On Monday, the Student Government Association (SGA) held a town hall to hear opinions from the student body on five referenda under consideration. Among the submitted referenda was a proposal from Students Against Institutional Discrimination (SAID) to initiate a democratic redrafting of the SGA Constitution to make the group more responsive to the student body. The referendum proposal is supported by a broad coalition of student organizations who have been frustrated for years by the Association’s structural flaws, which prevent representatives from being accountable to their constituents.

Though the Association requested the presence of several NUPD officers at the town hall, they neglected to confirm that there would be enough space to accommodate community members and representatives (all of whom were required by senate leadership to attend the event). This led to 30 students being escorted out of the Senate chambers by NUPD and then forced to wait outside. In an attempt to make space, the mandatory attendance requirement for senators was waived. This step was insufficient in ensuring that student voices were heard. Monday’s events were a display of the structural flaws that prompted our proposal: Access to decision-making was restricted, while the opinions of Association members were privileged above the perspectives of other students.

The Student Senate, our “representative body,” is hardly representative. Senators typically stand in for academic programs, but in a heavily nonproportional fashion. The D’Amore-McKim School of Business is represented by 10 senators; the College of Arts, Media and Design is represented by one. There are also very few senators of marginalized backgrounds representing the diverse needs of students. These disproportionate demographics are reflective of the minimal, 30-signature requirement to become a senator. The lack of identifiable constituencies and the absence of electoral pressure structurally insulates SGA members from communication communicating with the student body. Without active transparency in the Association’s processes, a disconnect between it and the community is inevitable.

This trend is best exemplified in the Association’s Direct Elections, which exhibit low voter turnout. There have been only two elections in the past ten years where the participation threshold to validate the results was reached. Both of these elections were distinguished by the presence of referenda.

Referenda are an opportunity for students to directly express their interests. These elections facilitate active participation, allowing students to offer input on the direction of the university. In the past two years, this process has been utilized with great effect, providing students with the platform to speak out on the sexual assault crisis and our university’s investments in the fossil fuel industry.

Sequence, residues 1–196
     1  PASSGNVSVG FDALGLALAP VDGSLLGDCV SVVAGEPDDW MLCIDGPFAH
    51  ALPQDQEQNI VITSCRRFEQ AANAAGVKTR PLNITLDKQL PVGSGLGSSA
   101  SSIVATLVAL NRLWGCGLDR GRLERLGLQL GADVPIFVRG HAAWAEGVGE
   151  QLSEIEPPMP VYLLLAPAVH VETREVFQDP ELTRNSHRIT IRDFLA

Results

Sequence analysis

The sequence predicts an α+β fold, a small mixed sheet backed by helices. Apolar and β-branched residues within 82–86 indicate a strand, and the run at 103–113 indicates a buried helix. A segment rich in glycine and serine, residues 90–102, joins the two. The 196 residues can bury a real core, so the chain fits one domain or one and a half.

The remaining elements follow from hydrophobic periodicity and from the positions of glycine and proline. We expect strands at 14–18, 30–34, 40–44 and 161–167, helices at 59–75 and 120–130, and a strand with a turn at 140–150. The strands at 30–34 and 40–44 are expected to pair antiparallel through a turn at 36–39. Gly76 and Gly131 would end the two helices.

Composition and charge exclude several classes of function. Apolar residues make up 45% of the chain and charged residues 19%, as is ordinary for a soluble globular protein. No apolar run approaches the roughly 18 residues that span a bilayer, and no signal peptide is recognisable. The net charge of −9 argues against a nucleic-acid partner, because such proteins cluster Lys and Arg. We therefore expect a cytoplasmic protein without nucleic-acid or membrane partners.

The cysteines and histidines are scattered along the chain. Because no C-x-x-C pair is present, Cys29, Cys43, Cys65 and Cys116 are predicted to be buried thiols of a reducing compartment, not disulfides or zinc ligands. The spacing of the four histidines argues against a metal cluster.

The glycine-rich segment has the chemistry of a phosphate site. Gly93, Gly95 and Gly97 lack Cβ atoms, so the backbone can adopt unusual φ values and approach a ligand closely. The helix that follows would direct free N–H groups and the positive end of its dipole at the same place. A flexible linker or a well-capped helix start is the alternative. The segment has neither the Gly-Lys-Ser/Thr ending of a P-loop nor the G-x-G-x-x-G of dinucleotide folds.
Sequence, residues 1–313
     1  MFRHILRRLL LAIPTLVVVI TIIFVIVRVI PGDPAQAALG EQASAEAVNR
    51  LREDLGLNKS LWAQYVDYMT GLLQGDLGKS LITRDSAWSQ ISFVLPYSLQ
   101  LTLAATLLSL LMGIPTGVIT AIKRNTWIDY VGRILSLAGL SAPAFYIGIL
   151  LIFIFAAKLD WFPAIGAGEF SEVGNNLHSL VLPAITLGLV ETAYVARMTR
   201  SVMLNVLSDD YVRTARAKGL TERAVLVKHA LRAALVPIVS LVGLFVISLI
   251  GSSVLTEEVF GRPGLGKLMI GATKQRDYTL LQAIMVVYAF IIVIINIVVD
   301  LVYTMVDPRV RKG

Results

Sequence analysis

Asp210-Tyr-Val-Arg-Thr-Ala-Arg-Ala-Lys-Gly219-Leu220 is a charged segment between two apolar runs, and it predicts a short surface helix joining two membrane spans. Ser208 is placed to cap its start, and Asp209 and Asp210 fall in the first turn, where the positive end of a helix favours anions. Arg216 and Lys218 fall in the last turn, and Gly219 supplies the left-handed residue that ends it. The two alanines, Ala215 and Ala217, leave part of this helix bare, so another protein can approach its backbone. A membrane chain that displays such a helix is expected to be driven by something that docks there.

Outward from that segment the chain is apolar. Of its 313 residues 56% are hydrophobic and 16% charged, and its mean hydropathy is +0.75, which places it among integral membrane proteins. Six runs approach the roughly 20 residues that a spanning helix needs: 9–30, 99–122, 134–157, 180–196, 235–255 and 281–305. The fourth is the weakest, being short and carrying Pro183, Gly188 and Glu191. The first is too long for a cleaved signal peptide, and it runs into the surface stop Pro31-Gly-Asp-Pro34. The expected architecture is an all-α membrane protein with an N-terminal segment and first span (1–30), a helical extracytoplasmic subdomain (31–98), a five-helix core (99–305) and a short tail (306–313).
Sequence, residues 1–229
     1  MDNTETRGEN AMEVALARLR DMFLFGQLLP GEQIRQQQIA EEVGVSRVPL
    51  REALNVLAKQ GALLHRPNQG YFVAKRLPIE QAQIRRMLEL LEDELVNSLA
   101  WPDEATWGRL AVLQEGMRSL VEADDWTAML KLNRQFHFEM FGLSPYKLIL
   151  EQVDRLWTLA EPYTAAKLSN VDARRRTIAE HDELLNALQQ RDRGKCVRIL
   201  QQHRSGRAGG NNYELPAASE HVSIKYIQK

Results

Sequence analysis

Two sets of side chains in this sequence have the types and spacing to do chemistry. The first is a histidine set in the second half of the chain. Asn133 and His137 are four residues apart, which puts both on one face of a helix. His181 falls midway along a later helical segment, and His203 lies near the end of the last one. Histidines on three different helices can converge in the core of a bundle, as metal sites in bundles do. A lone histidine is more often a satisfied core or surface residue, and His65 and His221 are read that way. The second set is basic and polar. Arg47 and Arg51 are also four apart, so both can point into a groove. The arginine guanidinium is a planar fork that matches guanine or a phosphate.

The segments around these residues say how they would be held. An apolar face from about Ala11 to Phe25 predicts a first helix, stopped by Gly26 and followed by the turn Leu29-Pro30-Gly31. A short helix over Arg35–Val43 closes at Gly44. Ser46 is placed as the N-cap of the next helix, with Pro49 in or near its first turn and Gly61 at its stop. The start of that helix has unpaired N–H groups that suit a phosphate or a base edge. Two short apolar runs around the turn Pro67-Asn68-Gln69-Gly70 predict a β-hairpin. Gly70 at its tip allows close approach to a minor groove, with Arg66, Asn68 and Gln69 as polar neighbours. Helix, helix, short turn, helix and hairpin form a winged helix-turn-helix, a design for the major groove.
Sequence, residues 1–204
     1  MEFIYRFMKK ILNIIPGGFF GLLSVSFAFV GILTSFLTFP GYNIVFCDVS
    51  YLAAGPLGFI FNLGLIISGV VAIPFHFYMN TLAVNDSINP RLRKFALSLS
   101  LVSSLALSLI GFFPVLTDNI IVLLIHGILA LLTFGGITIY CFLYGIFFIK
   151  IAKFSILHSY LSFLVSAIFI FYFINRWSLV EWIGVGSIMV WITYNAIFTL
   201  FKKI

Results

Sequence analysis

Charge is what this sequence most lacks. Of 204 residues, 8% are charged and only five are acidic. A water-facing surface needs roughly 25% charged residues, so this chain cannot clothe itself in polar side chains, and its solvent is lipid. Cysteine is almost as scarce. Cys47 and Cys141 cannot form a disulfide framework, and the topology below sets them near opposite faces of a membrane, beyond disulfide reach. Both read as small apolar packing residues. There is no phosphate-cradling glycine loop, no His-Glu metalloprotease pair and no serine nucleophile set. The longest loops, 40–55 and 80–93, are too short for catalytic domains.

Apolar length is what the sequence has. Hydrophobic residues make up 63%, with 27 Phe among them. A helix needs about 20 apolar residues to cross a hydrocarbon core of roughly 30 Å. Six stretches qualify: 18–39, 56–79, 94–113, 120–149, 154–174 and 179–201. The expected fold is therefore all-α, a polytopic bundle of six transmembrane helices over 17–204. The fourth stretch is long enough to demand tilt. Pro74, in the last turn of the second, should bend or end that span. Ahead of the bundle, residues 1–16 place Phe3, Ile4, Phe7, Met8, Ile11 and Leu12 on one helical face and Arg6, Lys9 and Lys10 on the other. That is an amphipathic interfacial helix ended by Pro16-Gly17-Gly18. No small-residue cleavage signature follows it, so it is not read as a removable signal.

Many senators believe that SGA could be improved. It is our belief, however, that a referendum is a necessary first step toward beginning this process of self-reflection. Public recognition that a problem exists and an open invitation to students to participate in restructuring would lead to a strengthened Association. A holistic approach will eliminate the blind spots and biases that would pervade any internal attempt at reform, and will serve as an affirmation of the student body’s judgment.

This is what makes our referendum so crucial: it recognizes the need to wrest back the student body’s ability to self-determine, while creating the space to imagine a more just university. The only thing standing in the way of that ideal is, ironically, student representatives.The final say lies with SGA’s Executive Cabinet. Seven individuals – two of whom were directly elected, five of whom were elected by their peers within the Association – will vet our referendum proposal tonight to determine if it will be placed on this year’s ballot. We call upon them to do so, including individuals who plan to run for higher positions.

SGA’s mission statement holds that it “serves as the voice of the undergraduate student body.” The Executive Cabinet has the opportunity to amplify that voice directly by giving students the vote and trusting that doing so will lead to a stronger student government.

– Joely Barrios, Chelsea Canedy and Austin Williams are members of SAID.

Photo courtesy Austin Williams, SAID